In a tremendous effort of a year’s of work, Heino Richard of the Genealogical Society of Thuringia e.V., step by step translated the first volume of the Thuringian Pastors’ Books (the volume for the former Duchy of Gotha) into data which we could now feed into FactGrid: More than 13,300 database objects are stemming from this work allowing now entirely new explorations of the territory’s social and religious history. We as curious about the joint ventures this work might inspire. There is no reason to fear that the database version will render all further work on the paper-based volumes obsolete, the platform might, however, offer itself to the editors of the Pfarrerbuch as an unexpected aid.
The eight volumes cover all the parishes of the former Thuringian territories from the Reformation to the 20th century. A first survey is prefixed in each volume to give all the all the parishes and offices with lists of the pastors and auxiliaries who held the respective offices. The main part is in each volume devoted to the individual biographies.
We are proud to announce a new and massive Wikibase project that will keep a big community busy for far more than a year: Last month the president of the University of Erfurt, Prof. Dr. Walter Bauer-Wabnegg, and Dr. Elisabeth Niggemann, director-general of the German National Library in Frankfurt and Leipzig (DNB) signed a memorandum of understanding that aims to bring GND data into the FactGrid – on a large scale.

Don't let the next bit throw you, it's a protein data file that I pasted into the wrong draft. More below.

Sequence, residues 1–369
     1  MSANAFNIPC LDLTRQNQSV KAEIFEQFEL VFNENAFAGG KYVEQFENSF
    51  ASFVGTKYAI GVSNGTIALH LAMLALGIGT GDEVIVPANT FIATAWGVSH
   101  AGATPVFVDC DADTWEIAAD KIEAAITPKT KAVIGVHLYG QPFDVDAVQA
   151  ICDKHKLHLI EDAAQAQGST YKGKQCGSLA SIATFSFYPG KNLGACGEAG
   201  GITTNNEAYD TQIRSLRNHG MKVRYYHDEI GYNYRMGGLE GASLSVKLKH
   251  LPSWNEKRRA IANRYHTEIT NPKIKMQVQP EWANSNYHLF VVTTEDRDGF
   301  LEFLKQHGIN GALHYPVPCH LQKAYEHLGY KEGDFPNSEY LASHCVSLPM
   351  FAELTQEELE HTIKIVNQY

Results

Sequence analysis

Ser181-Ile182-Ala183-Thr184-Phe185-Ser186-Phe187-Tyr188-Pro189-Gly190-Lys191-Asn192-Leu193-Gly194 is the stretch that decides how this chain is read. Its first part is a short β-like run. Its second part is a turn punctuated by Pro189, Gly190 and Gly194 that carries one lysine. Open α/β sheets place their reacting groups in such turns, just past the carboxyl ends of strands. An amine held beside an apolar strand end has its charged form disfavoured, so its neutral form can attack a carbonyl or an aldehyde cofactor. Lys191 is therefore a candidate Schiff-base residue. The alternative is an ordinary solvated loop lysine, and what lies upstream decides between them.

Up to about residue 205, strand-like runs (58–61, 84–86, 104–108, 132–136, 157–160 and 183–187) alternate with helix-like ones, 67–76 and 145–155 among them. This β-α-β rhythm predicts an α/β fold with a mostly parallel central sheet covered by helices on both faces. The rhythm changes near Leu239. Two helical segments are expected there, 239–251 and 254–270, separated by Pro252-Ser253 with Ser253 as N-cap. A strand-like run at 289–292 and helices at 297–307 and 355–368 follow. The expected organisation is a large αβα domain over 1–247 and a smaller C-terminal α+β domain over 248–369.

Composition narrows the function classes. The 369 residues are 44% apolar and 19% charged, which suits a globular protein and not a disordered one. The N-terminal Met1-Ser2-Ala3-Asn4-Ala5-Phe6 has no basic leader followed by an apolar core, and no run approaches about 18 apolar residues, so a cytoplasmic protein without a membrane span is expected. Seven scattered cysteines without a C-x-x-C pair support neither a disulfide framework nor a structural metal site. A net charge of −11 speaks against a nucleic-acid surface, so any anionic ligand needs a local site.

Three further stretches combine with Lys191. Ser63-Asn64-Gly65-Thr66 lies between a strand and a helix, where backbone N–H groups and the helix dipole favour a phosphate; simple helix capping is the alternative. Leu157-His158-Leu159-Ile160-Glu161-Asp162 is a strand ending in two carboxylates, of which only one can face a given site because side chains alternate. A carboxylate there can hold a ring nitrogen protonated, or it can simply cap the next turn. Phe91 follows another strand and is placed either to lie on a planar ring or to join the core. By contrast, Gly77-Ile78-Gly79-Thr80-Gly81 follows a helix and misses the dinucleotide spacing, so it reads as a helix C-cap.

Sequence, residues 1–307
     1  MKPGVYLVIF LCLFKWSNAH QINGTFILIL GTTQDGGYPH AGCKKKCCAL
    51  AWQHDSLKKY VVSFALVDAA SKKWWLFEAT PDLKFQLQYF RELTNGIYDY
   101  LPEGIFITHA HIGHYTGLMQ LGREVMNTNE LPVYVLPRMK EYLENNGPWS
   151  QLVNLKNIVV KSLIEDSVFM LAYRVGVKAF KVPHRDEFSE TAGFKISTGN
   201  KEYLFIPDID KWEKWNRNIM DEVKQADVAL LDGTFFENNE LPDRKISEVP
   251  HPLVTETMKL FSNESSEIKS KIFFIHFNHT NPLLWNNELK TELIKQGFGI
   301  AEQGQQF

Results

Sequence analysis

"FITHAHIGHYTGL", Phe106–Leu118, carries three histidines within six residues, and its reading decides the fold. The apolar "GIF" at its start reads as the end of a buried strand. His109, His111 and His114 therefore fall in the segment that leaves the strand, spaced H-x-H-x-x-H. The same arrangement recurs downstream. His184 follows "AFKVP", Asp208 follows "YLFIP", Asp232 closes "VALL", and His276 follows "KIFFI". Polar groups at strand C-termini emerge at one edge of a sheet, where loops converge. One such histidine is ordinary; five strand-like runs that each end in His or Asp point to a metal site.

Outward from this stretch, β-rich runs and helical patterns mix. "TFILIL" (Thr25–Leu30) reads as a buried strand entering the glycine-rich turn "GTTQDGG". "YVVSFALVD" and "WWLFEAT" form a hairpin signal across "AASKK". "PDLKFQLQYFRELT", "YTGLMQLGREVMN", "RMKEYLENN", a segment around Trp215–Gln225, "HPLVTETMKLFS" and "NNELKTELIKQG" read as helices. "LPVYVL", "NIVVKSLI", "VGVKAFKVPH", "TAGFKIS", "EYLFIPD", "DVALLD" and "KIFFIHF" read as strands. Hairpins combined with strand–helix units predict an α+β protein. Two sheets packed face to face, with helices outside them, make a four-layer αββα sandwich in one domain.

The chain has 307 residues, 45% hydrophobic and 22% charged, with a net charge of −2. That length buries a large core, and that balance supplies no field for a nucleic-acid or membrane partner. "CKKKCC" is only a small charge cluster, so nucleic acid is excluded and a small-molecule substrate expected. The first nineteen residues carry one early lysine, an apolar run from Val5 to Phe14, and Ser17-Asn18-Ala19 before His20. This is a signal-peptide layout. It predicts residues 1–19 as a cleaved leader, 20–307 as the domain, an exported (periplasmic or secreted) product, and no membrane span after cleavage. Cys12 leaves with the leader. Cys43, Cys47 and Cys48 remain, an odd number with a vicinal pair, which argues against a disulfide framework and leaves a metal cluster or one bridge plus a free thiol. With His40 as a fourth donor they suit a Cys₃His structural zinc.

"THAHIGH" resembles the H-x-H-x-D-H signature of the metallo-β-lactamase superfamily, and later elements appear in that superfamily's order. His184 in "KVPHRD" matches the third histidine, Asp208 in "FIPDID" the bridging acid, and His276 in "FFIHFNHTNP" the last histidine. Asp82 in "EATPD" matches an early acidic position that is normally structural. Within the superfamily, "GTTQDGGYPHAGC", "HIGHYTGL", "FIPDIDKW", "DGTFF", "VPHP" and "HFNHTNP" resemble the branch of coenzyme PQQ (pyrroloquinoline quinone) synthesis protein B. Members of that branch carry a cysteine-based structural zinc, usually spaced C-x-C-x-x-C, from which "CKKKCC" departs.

The GND, the Integrated Authority File, is an authority file for millions of persons plus corporate bodies, conferences and events, geographic Information, topics and works – designed to harmonise the exchange between libraries, archives and academic projects in the DACH countries, Germany, Austria and Switzerland.
To have the GND inside had been our constant topic over the last year. A Wikibase instance is a cool thing to contribute to as soon as it is the research tool you yourself would use in your research. GND data link into the world of open data, they clarify who or what you are speaking of in your research in all German language contexts – and they will reach out the other global authority files and to the universe of library data.
The Wikibase software has been designed to serve underneath the +200 Wikipedia installations, it is offering its services in SPARQL-queries but it does not aim at people interested in the facts collected on an item of knowledge.
Magnus Manske’s Reasonator is the tool which turns Wikidata information almost into articles – in any language. The page on Q13339, Johann Sebastian Bach is, as it turns out, in many ways superior to the 200+ competing Wikipedia articles on Bach: It has one sinle source to be edited by users world wide. It shows at a single view what it has to offer – you do not crawl through well balanced sentences, which might not at all offer the information you are looking for.
But the Reasonator has its fundamental drawbacks: Technically you are on a platform that uses Wikidata information – not on the global Wikidata interface. Practically and organisation-wise you are on extraterritorial space when it comes to future developments. The Reasonator is Magnus Manske’s dream child. It is not part of the package Wikimedia will develop as the universal Wikidata front-end (because any such front-end would immediately rival the 200+ Wikipedias?